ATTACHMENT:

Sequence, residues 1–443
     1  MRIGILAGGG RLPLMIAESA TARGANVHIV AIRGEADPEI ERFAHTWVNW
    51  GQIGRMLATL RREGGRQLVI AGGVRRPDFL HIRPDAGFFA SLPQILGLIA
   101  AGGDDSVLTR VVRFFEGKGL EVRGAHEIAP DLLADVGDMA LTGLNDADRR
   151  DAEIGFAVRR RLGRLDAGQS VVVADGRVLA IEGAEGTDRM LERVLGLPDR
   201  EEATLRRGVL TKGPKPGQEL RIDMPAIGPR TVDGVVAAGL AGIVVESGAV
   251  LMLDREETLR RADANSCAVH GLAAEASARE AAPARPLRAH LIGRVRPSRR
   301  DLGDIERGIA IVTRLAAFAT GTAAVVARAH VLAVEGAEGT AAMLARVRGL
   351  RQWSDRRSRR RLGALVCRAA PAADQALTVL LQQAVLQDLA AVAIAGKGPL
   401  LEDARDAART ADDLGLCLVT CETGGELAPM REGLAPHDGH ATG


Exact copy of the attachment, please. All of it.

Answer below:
Sequence, residues 1–443
     1  MRIGILAGGG RLPLMIAESA TARGANVHIV AIRGEADPEI ERFAHTWVNW
    51  GQIGRMLATL RREGGRQLVI AGGVRRPDFL HIRPDAGFFA SLPQILGLIA
   101  AGGDDSVLTR VVRFFEGKGL EVRGAHEIAP DLLADVGDMA LTGLNDADRR
   151  DAEIGFAVRR RLGRLDAGQS VVVADGRVLA IEGAEGTDRM LERVLGLPDR
   201  EEATLRRGVL TKGPKPGQEL RIDMPAIGPR TVDGVVAAGL AGIVVESGAV
   251  LMLDREETLR RADANSCAVH GLAAEASARE AAPARPLRAH LIGRVRPSRR
   301  DLGDIERGIA IVTRLAAFAT GTAAVVARAH VLAVEGAEGT AAMLARVRGL
   351  RQWSDRRSRR RLGALVCRAA PAADQALTVL LQQAVLQDLA AVAIAGKGPL
   401  LEDARDAART ADDLGLCLVT CETGGELAPM REGLAPHDGH ATG